ANDERSON, Ind. —
As you walk down 17th Street in Irondale neighborhood, you’ll find the property of a longtime resident who has devoted time and capital to making the house a home. Just one lot over, you’ll find an abandoned, dilapidated shanty, with trash and debris strewn across the porch.
This is the state of Irondale now. It’s a dichotomous atmosphere containing devoted owners whose families have lived in the neighborhood for generations alongside itinerant renters. It’s a mixed bag of situations and stories. In many ways, it’s a microcosm of Anderson. Interlaced with the peaceful, small-town element is ruin and squalor. There’s an uncertainty about the community. And now its future is even more uncertain.
In another 10 years, the area could literally be underwater.
Irondale and some neighboring communities are expected to be engulfed by a proposed 2,000-acre reservoir on White River in Madison and Delaware Counties. The idea of the project, dubbed Mounds Lake Reservoir, was officially released Thursday by Madison County Corporation for Economic Development Director Rob Sparks. The project would cost an estimated $300 million to $350 million and would stretch from East Lynn Street in Anderson east by northeast around Chesterfield and Daleville and into Delaware County.
The reservoir would also displace an estimated 400 homes, a thought that kept 41-year-old Irondale resident Brent Hager awake the night he heard about the project.
“I’m not happy at all,” Hager said. “I’ve invested time and money into this neighborhood, and I know everyone around here.”
said Hager, an avid photographer, He said he loves the area and will often snap pictures of sunrises and sunsets around the neighborhood. He woke up Saturday and drove the small community and found himself haunted by a thought.
“I’d be 50 feet underwater here if they made that reservoir,” Hager said.
Champions of the proposal also hope it will bring economic benefits like tourism and increased property value. Sparks made it clear community cooperation would be necessary to move the project forward, but Hager and a number of other residents said they’d be very upset if the plan came to fruition. Property compensation would be part of the deal, but Hager said that’s just not enough.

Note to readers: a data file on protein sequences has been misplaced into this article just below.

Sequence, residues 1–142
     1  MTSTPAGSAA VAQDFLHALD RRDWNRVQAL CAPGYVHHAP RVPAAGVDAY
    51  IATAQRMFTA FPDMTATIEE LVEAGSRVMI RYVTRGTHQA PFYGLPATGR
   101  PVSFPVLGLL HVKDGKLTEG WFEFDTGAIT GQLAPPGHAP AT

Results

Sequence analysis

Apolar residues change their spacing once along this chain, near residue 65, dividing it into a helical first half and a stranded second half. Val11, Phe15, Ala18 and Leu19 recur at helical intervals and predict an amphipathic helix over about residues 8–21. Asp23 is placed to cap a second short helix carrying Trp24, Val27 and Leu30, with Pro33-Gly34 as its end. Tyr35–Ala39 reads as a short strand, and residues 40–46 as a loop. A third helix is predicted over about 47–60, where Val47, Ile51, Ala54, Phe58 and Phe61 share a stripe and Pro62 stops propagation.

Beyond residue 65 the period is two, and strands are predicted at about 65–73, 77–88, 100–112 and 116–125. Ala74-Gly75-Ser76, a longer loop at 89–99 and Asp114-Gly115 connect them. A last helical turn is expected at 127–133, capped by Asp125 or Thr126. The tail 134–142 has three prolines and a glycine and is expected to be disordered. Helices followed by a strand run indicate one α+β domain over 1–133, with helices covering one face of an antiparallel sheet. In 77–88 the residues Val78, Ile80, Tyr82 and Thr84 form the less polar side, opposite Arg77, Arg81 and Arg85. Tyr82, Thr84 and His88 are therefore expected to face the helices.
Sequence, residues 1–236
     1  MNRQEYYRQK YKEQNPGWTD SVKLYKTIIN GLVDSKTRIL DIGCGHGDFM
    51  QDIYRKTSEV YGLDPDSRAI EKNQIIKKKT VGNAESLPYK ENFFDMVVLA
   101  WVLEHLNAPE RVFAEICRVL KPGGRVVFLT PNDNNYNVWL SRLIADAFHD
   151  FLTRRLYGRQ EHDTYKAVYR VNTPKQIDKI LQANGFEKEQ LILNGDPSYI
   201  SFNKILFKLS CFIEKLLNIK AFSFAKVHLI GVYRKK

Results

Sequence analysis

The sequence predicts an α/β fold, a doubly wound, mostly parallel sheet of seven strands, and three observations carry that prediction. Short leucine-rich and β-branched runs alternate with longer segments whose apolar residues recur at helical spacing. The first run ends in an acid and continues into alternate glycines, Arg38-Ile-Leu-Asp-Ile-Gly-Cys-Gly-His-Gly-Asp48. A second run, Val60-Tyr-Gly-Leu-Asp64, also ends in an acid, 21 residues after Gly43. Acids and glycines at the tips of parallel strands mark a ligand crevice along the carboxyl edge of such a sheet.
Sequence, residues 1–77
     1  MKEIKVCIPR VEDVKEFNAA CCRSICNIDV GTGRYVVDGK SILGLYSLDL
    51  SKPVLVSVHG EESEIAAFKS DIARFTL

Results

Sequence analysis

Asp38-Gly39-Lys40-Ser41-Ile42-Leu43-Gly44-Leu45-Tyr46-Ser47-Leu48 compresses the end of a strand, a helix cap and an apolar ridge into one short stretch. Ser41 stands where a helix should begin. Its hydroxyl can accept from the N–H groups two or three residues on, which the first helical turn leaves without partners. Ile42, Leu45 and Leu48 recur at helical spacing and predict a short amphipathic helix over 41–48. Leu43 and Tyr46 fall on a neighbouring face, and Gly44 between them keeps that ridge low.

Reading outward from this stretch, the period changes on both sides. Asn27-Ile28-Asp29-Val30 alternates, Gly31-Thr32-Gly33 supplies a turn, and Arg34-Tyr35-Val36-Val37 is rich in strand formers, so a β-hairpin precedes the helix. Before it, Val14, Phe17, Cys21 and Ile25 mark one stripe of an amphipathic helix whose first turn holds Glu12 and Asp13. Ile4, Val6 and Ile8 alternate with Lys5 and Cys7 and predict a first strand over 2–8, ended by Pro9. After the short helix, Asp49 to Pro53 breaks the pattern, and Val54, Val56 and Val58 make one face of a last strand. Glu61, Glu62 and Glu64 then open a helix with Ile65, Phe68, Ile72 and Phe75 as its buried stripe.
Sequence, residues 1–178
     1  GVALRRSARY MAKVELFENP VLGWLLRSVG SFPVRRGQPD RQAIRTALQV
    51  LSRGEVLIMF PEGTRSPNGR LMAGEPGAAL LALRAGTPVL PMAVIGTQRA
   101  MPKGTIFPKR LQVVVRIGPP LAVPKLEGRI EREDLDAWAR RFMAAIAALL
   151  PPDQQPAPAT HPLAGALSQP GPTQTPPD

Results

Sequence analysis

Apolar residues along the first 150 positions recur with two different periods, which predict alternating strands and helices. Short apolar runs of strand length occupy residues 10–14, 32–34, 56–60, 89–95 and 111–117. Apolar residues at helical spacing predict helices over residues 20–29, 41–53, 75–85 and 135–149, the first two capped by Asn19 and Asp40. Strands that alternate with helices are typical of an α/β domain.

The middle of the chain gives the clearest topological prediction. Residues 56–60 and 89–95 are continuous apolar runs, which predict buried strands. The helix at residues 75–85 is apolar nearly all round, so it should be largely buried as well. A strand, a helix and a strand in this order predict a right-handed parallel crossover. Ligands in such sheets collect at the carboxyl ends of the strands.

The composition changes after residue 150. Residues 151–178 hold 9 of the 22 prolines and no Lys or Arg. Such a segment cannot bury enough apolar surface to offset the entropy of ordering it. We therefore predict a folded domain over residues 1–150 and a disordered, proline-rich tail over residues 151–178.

“They won’t give me the time I put into this house,” Hager said.
But Hager’s opinion isn’t the only one in Irondale. Some think the reservoir is a good idea. But a prevailing feeling is confusion and uncertainty. Many aren’t clear on the details of the projects, and they’re unsure whether it will be beneficial to the community. Much of the community is elderly and has been rooted in the area for decades and for many of them, moving isn’t feasible, even with compensation.
Camilla Kidwell, 73, has only been living in her house for about eight years, but it was previously the childhood home of her deceased husband. She said the home has emotional value for her because of what it meant to her husband, and she likes the neighborhood.
Kidwell has mixed feelings about the benefits reservoir proposal, but personally, it would mean leaving her home.
“Most of the people here have been around for a while, and we’re just not in a position to leave,” Kidwell said. “It’s been our home all our lives.”
A few residents, mostly younger renters, felt the reservoir would be a great quality of life and commerce boost to Madison County. Mark Rees, 39, has rented a home in Irondale for about six months but has lived in Anderson all his life. Rees said a major project like the reservoir could revitalize a depressed community like Anderson.
“I think it’d be fantastic. I love to fish and hunt and I think it would be great for things like that. Plus it would bring people to the area,” Rees said. “It certainly couldn’t hurt.”
Others are trying to take a practical view of the reservoir. Steve Mills, 45, has lived in his home for 15 years, and before that it was the home of his wife’s family for decades. He’s raised his three kids and put them through high school while living in Irondale. The neighborhood has been good to him and he likes living there, but he said he understands that renovating the landscape could be for the better.
“They’re going to do what they’re going to do. I’m sure they’d do it with the good of the community in mind,” Mills said.
Mills commutes to his job in Noblesville every day. He said he doesn’t like the idea of moving, but he’s confident he and his family would bounce back.
“We’ll do what we have to if it comes to that,” Mills said. “You’ve got to have a group of people to hold something together, right?”
Find Jack Molitor on Facebook and @AggieJack4 on Twitter, or call 640-4883.
Public meetings on reservoir will be held
According to Corporation for Economic Development Director Rob Sparks, the Mounds Lake Reservoir Project is still in a propositional phase, and a series of public meetings for each of the units that will be affected will likely be scheduled in the next month.